This is a condition that gradually bleeds away everything the person holds dear. The life of a sex addict gradually becomes very small. The freedom of self is impaired. Energies are consumed. The rapacious need for a particular kind of sexual experience drives the addict to spend untold hours in the world of his addiction. Inexorably, the compulsion begins to exact higher and higher costs. Whether it be on the internet indulging in sexual fantasies with fantasy people, being on the phone to the sex hot-lines, or frantically searching the net and the S&M clubs for someone who will act out a particular, ritualized fetish fantasy, or cruising the bars searching for the “one” who will have sex in a public toilet, or going to dungeons to be whipped, flogged and humiliated, sex addiction is a devastating illness that takes an enormous toll. Friends slip away. Hobbies and activities once enjoyed are dropped. Financial security crumbles as sums as high as $40,000 or $50,000 a year are spent on sex. Then there is perpetual fear of exposure. Relationships with partners are ruined, as the appeal of intimate sex with a partner pales in comparison to the intense “high” of indulging in the dark and devious world of sexual compulsion.

What is a sex addict? Sex addiction, of course, has nothing to do with sex. Any sexual act or apparent “perversion” has no meaning outside of its psychological, unconscious context. A simple definition of sex addiction is not dissimilar to definitions of other addictions. But a simple definition of this complex and intractable condition doesn’t suffice. What sets sex addiction apart from other addictions and makes it so persistent is that the subject of sex touches on our innermost unconscious wishes and fears, our sense of self, our very identity.

Current treatment might include participation in a 12-step program, going to an outpatient clinic, working with the Patrick Carnes material, aversion therapy, or the use of medications to stave off hypersexuality. Most therapy is cognitive-behavioral, designed to help the patient to control or repress the instinct for a period of time, usually out of a desire to comply with the group norms of their 12-step meeting or a need to please the therapist. While I recognize the efficacy the 12-step programs to provide structure and support, in my opinion, the reason that relapse is so prevalent is that these treatment modalities do not effect long-term structural personality change that eliminates the compulsion at its roots. Current treatment does not aim to transform psychic energies so that the reality sector of the mind dominates the personality so that the impulse to act out can be understood and controlled.

While the definition of sex addiction is the same as that of other addictions (recurrent failure to control the behavior and continuation of the behavior despite increasingly harmful consequences), sexual compulsion is set apart from other addictions in that sex involves our innermost unconscious wishes, fears and conflicts. Sex addiction is a symbolic enactment of deeply entrenched unconscious dysfunctional relational patterns with self and others. It involves a person’s derailed developmental process that occurred as a result of inadequate parenting. Hence, permanent growth and change are most likely to occur in the arena of contemporary psychoanalysis, which seeks understanding and repair of these unconscious dysfunctional relational patterns along with the development of a more unified and structured sense of self. This new personality restructuring can better self-regulate feeling states without the use of a destructive defense like sexualization and can find meaning, enjoyment, intimacy, meaningful goal setting and achievement from attainable and appropriate sources in life.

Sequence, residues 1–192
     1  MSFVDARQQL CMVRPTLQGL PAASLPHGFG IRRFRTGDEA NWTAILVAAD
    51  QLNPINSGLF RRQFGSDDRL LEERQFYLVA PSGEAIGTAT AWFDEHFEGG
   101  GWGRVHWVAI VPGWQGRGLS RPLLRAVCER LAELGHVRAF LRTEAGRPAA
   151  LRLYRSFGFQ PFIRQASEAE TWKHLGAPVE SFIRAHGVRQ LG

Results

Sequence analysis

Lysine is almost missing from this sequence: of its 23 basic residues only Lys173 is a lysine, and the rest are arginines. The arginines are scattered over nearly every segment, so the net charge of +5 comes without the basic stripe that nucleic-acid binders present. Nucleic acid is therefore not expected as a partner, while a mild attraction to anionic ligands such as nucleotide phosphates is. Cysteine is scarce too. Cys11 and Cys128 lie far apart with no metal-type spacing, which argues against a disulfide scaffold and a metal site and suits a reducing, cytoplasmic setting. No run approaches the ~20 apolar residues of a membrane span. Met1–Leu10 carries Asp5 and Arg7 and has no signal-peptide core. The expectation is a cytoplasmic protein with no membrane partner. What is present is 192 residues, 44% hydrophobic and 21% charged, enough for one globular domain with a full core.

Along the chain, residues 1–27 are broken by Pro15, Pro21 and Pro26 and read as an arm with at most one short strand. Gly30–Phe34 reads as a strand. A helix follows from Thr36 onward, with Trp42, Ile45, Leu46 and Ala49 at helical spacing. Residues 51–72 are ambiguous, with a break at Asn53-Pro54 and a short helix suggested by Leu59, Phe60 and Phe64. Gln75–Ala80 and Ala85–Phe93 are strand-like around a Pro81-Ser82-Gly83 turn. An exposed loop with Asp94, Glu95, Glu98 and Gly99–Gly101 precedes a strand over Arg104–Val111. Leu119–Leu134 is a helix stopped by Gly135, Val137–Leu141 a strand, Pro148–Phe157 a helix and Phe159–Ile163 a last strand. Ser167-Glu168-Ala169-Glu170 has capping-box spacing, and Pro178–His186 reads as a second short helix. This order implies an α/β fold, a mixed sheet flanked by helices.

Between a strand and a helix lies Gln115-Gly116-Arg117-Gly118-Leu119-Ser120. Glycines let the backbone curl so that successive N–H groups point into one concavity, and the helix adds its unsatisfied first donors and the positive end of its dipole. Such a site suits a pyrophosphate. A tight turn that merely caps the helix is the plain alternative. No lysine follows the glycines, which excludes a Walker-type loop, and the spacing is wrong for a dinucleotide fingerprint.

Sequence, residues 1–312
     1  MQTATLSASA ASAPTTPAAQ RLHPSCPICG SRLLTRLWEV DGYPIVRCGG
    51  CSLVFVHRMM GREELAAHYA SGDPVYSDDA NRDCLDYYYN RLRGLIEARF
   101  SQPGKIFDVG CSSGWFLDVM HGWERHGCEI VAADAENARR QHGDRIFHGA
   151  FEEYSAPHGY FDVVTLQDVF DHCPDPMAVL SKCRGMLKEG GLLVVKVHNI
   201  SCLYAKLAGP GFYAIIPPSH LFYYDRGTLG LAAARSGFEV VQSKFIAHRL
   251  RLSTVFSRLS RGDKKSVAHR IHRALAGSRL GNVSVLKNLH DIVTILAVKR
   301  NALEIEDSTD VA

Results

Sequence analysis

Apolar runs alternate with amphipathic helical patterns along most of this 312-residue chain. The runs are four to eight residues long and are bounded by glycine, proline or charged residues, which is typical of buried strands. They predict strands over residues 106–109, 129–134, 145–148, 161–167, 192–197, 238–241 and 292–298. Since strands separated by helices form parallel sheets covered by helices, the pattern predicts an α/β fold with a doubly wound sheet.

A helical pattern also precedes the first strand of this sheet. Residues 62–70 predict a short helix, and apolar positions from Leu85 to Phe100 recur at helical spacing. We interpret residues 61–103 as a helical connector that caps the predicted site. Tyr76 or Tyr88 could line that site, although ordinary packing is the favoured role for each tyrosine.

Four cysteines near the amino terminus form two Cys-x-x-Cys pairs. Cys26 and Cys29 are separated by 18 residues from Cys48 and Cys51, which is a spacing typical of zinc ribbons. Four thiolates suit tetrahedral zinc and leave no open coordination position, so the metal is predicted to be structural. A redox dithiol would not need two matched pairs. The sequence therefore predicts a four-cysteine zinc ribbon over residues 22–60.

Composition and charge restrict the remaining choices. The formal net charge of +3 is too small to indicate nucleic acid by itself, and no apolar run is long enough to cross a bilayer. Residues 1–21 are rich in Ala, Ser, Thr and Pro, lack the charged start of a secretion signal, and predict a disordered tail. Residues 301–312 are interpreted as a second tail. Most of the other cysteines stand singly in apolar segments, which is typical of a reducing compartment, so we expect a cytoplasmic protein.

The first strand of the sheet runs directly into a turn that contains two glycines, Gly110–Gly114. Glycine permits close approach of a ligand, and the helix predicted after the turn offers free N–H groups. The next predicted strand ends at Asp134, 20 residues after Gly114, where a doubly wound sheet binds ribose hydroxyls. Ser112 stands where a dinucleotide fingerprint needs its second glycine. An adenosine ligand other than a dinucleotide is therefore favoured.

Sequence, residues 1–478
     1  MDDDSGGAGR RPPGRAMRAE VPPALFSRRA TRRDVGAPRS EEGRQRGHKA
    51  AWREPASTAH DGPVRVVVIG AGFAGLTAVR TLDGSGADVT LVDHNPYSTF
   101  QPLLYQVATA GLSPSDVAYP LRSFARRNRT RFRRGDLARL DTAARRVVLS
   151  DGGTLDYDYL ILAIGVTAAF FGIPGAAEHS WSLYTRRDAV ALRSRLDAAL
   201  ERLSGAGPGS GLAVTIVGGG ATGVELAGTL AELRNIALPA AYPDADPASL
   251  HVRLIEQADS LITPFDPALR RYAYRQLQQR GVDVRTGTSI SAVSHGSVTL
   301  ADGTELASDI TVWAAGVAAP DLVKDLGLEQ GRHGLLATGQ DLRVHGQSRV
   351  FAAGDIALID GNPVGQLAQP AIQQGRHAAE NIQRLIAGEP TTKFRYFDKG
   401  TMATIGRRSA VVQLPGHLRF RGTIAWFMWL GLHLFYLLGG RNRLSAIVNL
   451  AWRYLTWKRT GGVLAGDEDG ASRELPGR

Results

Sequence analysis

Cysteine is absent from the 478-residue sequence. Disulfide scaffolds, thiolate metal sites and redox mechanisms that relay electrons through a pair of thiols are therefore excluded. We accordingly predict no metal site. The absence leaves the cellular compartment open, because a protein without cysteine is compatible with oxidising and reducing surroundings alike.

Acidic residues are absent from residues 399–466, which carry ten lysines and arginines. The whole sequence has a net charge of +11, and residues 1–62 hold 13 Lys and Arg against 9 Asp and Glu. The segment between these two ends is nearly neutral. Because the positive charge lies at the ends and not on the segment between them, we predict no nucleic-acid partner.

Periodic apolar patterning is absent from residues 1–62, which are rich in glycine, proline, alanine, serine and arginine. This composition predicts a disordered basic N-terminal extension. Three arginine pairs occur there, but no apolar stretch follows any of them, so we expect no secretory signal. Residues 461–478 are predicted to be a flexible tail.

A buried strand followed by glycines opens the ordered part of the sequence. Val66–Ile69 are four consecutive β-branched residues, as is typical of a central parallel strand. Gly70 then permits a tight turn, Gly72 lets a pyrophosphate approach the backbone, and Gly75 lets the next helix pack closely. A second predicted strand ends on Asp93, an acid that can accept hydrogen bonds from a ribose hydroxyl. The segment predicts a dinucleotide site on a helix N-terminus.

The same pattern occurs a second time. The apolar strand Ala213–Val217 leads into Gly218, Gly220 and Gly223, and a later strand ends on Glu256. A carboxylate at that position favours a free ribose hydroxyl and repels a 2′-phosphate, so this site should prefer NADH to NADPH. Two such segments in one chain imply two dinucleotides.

The remainder of this paper will give a brief overview of the historical psychoanalytic views about sexual deviance, and will then articulate the current analytic understanding about the dynamics and treatment of sexual compulsions.

Any discussion of historical psychoanalysis must, ipso facto, begin with Sigmund Freud. Freud formulated that sexual deviance occurs due to an incomplete resolution of the Oedipus complex, with its concomitant castration anxiety. Unconscious castration anxiety occurs in the person’s present-day consciousness in the form of fear of confrontation, retaliation, or rebuke, a sense of inadequacy, and perhaps doubts about gender identity. Sex addiction, according to Freud, is a defensive way to cope with a tenuous sense of masculinity combined with unrelenting anxiety about sex, women, intimacy, aggression, and competition. Analysts that followed Freud held varying views. Sexual compulsions derive from an insatiable need for approval, prestige, power, bolstering of self-esteem, love and security which are experienced as being necessary for survival. The addict experiences the absence of sexual acting out as a threat to his very existence.

Characteristic of any addict is a long history of a disturbed mother-child relationship. An unempathic, narcissistic, depressed or alcoholic mother has low tolerance for the child’s stress and frustrations. Nor is she able to supply the empathy, attention, nurturing and support that foster healthy development. The result in later life is separation anxiety, fear of abandonment and a sense of imminent self-fragmentation. This anxiety sends the sex addict running to his eroticized, fantasy cocoon where he experiences safety, security, a diminution of anxiety as well as the quelling of an unconscious wish to establish and maintain the missing, yet essential tie to mother. Typical of this person is the hope that he can find an idealized “other” who can embody, actualize and make concrete the longed for endlessly nurturing parent. This approach is doomed to failure. Inevitably, the other person’s needs start to impinge on the fantasy. The result is frustration, loneliness and disappointment.